We all have that one lens that we gravitate towards every time we pick up our cameras for me, it’s the 75-300mm f 4-5.6(you can get it here). For a lens of this range, it's smaller, lighter weight, cheaper than other lenses in this class. But don’t be fooled by this the lens is quite powerful and great for someone starting out or on a budget and need something with a large focal length.
I work primarily work outdoors and this lens is great for daytime shooting. When I shoot festivals it’s great for getting crowd shots and people milling around it also allows a very short me to get all the action on the stage, for portrait shoots gives a nice bokeh at longer focal lengths.
The glass quality in it is pretty good I can use a 13-year-old Canon 10D with it and still get great shots. There are a few downsides to this lens though there is no image stability, at longer focal lengths the images are little on the softer side, it needs a lot of light or higher ISO to get great images, and somewhat slow to autofocus. For me personally theses aren't big problems because of my shooting style, where I'm shooting
Depending on what you’re doing you can still make great use of this lens. If it is a little bit of learning curve trying to figure the best settings to maximise the lens used but that’s true of lens you buy.
If you're looking for something more powerful than this the 70-200mm f/2.8 lens (you can get it here) is the way to go but just now the price goes up significantly but it’s sharper, not as slow to focus and doesn’t really have that softening problem. I still gravitate more 75-300 because of the fact that my gear gets too heavy with the other lens and I have to stop frequently due to a shoulder injury. I also don’t see a big enough image quality difference to warrant changing how I do things for now.
Have a favorite lens let me know in the comments below?
Being a photographer is just one part of who I am, I'm also working on a degree in psychology. Mental health and the stigma surrounding it is something that I am very passionate about. Over the past 10 months, I've been working on creating an awareness campaign that combines my love of photography with my training in psychology. I am currently in the final stages of getting it ready for the world to see but I need your help. The project is to show people with mental illness as normal, by telling your stories showing your achievements and that you are more than your illness. I as well be a part of this part this project, together we can show the world that we are normal. If this is something you want to be a part of fill out the contact form below or email me @ firstname.lastname@example.org.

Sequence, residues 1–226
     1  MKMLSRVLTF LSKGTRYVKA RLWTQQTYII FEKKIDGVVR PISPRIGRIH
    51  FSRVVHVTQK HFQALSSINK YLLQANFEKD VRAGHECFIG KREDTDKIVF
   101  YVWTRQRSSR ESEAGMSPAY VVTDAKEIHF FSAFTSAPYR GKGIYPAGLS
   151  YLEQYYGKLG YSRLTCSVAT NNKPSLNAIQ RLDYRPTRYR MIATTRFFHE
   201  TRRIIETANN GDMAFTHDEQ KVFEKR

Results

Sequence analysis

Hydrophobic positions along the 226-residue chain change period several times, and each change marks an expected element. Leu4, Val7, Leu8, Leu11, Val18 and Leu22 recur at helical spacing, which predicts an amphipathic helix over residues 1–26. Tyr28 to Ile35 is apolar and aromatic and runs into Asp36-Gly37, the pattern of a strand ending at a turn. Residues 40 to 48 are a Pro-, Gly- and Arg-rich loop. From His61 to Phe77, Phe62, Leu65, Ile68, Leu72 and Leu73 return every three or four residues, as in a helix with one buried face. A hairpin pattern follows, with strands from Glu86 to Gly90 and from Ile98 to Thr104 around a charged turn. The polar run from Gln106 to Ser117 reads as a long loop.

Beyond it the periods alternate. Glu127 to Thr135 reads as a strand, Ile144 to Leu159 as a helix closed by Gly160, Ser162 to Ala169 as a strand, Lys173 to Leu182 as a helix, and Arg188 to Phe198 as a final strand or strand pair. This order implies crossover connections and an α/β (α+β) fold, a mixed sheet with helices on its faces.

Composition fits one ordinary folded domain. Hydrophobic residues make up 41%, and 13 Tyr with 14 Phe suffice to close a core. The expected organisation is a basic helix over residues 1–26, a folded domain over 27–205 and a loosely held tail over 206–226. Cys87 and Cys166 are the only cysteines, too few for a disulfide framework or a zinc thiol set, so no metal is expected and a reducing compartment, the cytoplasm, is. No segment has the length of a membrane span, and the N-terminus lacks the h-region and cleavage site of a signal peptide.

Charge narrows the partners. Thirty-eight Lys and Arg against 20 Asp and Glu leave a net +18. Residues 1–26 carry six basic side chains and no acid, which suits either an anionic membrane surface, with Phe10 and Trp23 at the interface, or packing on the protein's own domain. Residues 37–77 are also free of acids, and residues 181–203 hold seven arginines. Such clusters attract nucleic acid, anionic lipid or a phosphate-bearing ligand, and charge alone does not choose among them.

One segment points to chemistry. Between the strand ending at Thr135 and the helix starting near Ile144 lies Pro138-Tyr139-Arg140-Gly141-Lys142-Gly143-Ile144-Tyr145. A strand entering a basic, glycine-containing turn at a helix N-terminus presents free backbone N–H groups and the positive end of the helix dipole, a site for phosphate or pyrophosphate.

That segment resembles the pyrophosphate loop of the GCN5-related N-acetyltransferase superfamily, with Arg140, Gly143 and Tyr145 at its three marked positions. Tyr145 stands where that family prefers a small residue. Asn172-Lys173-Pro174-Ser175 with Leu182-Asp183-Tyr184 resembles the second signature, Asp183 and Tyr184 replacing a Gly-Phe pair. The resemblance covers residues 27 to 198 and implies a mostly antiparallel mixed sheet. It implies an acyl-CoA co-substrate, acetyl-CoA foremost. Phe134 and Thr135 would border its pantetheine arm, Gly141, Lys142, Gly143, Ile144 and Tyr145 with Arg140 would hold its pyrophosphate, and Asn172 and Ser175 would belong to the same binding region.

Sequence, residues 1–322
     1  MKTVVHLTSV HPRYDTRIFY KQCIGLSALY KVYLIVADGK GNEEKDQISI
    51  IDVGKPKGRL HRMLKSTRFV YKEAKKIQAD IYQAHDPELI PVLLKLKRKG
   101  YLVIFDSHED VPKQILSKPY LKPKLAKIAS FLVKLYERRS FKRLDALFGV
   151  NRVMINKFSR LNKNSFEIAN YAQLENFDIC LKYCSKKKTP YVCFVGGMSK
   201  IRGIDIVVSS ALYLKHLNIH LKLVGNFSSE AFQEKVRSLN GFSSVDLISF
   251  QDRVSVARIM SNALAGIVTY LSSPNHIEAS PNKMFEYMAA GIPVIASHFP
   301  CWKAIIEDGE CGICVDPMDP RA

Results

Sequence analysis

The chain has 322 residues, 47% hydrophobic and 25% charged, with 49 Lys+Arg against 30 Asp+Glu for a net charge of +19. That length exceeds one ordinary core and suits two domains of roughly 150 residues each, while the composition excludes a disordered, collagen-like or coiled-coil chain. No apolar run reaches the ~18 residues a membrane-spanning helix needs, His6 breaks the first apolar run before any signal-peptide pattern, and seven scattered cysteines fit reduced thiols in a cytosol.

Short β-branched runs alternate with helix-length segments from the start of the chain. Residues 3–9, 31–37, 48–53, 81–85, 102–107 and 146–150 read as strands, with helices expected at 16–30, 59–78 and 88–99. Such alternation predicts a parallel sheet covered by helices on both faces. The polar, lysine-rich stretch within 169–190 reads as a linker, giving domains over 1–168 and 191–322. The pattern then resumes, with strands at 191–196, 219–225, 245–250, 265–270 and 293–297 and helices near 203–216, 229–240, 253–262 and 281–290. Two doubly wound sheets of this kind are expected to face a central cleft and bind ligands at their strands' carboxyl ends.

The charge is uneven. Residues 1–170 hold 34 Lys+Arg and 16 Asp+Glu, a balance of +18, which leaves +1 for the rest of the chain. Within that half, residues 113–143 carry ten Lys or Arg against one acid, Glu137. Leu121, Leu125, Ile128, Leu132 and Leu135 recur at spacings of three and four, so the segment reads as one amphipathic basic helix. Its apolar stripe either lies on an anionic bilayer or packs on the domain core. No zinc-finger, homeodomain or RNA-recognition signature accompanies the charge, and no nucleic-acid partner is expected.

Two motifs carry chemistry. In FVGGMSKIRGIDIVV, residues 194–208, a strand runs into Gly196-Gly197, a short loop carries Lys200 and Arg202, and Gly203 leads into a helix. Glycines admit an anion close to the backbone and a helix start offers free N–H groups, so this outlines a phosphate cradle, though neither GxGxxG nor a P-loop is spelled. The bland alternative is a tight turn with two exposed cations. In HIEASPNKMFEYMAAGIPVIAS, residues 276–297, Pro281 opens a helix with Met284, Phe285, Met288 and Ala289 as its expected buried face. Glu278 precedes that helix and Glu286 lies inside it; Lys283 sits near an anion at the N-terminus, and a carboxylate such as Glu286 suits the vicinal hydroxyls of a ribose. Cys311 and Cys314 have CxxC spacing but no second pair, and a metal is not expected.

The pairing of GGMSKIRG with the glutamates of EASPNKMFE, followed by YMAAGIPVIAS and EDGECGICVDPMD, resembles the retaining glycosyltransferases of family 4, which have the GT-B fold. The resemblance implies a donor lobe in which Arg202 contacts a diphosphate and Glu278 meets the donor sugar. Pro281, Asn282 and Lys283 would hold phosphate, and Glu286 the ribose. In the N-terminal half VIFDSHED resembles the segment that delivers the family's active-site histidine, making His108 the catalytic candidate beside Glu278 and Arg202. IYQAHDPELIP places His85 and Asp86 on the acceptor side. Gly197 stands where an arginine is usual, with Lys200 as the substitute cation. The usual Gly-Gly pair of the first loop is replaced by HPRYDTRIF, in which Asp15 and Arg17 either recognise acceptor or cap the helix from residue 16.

There are three basic principles of photography, one of which we talked about a few weeks ago. ISO, Aperture, and Shutter Speed are often called the holy trinity of photography because they control almost everything needed for the composure of your image. I already talked about how aperture affects depth of field and the focus area of a photo. Today I will teach you about ISO and later we will go over shutter speed.
ISO is how sensitive to light your camera’s sensor is. It originally meant how sensitive film was to light, when digital cameras came around the principle was applied to the sensors in them. Smaller numbers (ISO) have a lower light sensitivity as where higher numbers have a greater light sensitivity. ISO affects how exposed your picture will be and it works in conjunction with shutter speed and aperture to do this. If you want to use a small aperture and fast shutter speed changing the ISO will allow you to get a proper exposure. A lower ISO level gives you a darker image due to the sensor being less sensitive to light. A higher ISO level gives you a lighter image due to the sensor being more sensitive to light. So say you're shooting at a concert and you're using f1.8 and a shutter speed of 1/200sec then the only way to make sure you get a good exposure is to use higher ISO levels 1600 or higher.
Ashley is a Virginia based photographer living her dreams of shooting concerts & interesting people. When she's not shooting or writing for the blog you can find her curled up with a good book and a latte (coffee keeps her going).